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LSETUP, LOOP

General Form

There are two forms of this instruction. The first is:

LOOP loop_name loop_counter
LOOP_BEGIN loop_name
LOOP_END loop_name

The second form is:

LSETUP (Begin_Loop, End_Loop)Loop_Counter

Syntax

Use any one of the LOOP syntax versions with a LOOP_BEGIN and a LOOP_END instruction. The name of the loop (loop_name in the syntax) relates the three instructions together.

For Loop0:

LOOP loop_name LC0 ;                                /* (b) */
LOOP loop_name LC0 = Preg ;                         /* autoinitialize LC0 (b) */
LOOP loop_name LC0 = Preg >> 1 ;                    /* autoinit LC0(b) */
LOOP_BEGIN loop_name ;                              /* define the 1st instruction of loop (b)*/
LOOP_END loop_name ;                                /* define the last instruction of the loop (b) */
                                                
LSETUP ( pcrel5m2 , lppcrel11m2 ) LC0 ;             /* (b) */
LSETUP ( pcrel5m2 , lppcrel11m2 ) LC0 = Preg ;      /* autoinitialize LC0 (b) */
LSETUP ( pcrel5m2 , lppcrel11m2 ) LC0 = Preg >> 1 ; /* autoinitialize LC0 (b) */

For Loop1:

LOOP loop_name LC1 ;                                /* (b) */
LOOP loop_name LC1 = Preg ;                         /* autoinitialize LC1 (b) */
LOOP loop_name LC1 = Preg >> 1 ;                    /* autoinitialize LC1 (b) */
LOOP_BEGIN loop_name ;                              /* define the first instruction of the loop (b) */
LOOP_END loop_name ;                                /* define the last instruction of the loop (b) */

LSETUP ( pcrel5m2 , lppcrel11m2 ) LC1 ;             /* (b) */
LSETUP ( pcrel5m2 , lppcrel11m2 ) LC1 = Preg ;      /* autoinitialize LC1 (b) */
LSETUP ( pcrel5m2 , lppcrel11m2 ) LC1 = Preg >> 1 ; /* autoinitialize LC1 (b) */

Syntax Terminology

Preg
P5–0 (SP and FP are not allowed as the source register for this instruction.)
pcrel5m2
5-bit unsigned, even, PC-relative offset; can be replaced by a symbolic label. The range is 4 to 30, or 25–2.
lppcrel11m2
11-bit unsigned, even, PC-relative offset for a loop; can be replaced by a symbolic label. The range is 4 to 2046 (0x0004 to 0x07FE), or 211–2.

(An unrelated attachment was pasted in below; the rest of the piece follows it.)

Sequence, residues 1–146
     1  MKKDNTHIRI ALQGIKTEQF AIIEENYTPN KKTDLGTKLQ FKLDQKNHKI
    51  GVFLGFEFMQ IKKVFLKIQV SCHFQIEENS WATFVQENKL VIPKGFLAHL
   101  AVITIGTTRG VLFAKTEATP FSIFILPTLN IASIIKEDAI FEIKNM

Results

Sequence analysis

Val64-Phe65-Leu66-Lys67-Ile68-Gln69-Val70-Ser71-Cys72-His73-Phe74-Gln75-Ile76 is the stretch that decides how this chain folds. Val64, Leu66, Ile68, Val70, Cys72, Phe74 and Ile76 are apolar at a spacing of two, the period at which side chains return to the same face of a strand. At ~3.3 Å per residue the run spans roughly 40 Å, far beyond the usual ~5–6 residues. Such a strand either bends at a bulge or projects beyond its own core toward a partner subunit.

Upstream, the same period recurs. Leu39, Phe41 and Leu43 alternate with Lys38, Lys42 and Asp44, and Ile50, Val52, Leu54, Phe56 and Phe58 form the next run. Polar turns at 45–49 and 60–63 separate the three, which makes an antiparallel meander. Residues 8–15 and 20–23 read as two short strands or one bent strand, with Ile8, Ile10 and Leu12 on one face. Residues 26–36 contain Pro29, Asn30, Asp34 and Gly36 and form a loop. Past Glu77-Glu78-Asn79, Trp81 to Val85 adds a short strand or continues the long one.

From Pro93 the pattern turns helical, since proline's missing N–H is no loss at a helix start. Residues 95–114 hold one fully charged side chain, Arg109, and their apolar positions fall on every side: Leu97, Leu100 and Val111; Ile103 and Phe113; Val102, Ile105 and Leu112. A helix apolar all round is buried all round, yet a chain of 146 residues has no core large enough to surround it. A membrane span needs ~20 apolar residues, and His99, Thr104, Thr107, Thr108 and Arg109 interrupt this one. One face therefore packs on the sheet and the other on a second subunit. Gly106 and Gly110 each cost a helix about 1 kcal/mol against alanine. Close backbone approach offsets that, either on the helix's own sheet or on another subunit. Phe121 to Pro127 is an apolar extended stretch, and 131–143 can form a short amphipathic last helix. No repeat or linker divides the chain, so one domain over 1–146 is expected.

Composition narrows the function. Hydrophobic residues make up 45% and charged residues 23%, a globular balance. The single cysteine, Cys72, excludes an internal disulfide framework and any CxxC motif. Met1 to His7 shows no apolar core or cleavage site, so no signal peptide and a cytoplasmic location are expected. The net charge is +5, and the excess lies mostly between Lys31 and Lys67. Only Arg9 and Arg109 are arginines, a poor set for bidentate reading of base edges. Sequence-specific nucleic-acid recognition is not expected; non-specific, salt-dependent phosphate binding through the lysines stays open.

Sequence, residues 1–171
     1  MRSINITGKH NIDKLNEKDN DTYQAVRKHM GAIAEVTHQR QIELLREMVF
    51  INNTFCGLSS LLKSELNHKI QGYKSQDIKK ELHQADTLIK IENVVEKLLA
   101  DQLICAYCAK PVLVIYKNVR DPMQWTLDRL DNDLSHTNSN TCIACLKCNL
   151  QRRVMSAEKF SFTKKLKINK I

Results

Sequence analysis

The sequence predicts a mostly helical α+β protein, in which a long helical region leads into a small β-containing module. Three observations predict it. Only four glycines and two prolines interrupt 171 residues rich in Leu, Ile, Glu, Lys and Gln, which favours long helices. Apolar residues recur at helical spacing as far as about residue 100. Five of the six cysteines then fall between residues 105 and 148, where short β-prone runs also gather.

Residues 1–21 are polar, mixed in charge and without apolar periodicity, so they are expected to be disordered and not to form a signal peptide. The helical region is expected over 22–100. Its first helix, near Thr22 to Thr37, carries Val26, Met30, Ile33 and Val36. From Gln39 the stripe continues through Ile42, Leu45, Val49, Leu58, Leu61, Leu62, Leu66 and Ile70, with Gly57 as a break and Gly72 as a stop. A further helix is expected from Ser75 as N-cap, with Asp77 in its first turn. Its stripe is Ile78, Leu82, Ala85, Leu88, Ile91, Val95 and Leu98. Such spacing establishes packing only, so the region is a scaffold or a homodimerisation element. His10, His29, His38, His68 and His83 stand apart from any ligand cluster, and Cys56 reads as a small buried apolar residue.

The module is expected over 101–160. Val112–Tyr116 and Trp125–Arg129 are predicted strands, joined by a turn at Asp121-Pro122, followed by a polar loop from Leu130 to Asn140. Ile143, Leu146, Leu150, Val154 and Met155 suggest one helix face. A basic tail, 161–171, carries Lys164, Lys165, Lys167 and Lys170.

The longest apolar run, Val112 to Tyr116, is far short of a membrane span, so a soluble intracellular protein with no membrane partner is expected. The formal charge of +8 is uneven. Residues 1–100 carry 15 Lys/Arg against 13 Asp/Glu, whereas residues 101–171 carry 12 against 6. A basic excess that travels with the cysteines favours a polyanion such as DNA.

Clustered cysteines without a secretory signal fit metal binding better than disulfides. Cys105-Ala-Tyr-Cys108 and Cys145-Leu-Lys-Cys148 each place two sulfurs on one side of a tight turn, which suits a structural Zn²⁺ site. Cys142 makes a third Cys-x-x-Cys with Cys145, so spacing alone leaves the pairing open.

loop_name
a symbolic identifier

Instruction Length

In the syntax, comment (b) identifies 32-bit instruction length.

Functional Description

The Zero-Overhead Loop Setup instruction provides a flexible, counter-based, hardware loop mechanism that provides efficient, zero-overhead software loops. In this context, zero-overhead means that the software in the loops does not incur a performance or code size penalty by decrementing a counter, evaluating a loop condition, then calculating and branching to a new target address.

When the Begin_Loop address is the next sequential address after the LSETUP instruction, the loop has zero overhead. If the Begin_Loop address is not the next sequential address after the LSETUP instruction, there is some overhead that is incurred on loop entry only.

The architecture includes two sets of three registers each to support two independent, nestable loops. The registers are Loop_Top (LTn), Loop_Bottom (LBn) and Loop_Count (LCn). Consequently, LT0, LB0, and LC0 describe Loop0, and LT1, LB1, and LC1 describe Loop1.

The LOOP and LSETUP instructions are a convenient way to initialize all three registers in a single instruction. The size of the LOOP and LSETUP instructions only supports a finite number of bits, so the loop range is limited. However, LT0 and LT1, LB0 and LB1 and LC0 and LC1 can be initialized manually using Move instructions if loop length and repetition count need to be beyond the limits supported by the LOOP and LSETUP syntax. Thus, a single loop can span the entire 4 GB of memory space.

When initializing LT0 and LT1, LB0 and LB1, and LC0 and LC1 manually, make sure that Loop_Top (LTn) and Loop_Bottom (LBn) are configured before setting Loop_Count (LCn) to the desired loop count value.

The instruction syntax supports an optional initialization value from a P-register or P-register divided by 2.

The LOOP, LOOP_BEGIN, LOOP_END syntax is generally more readable and user friendly. The LSETUP syntax contains the same information, but in a more compact form.

If LCn is nonzero when the fetch address equals LBn, the processor decrements LCn and places the address in LTn into the PC. The loop always executes once through because Loop_Count is evaluated at the end of the loop.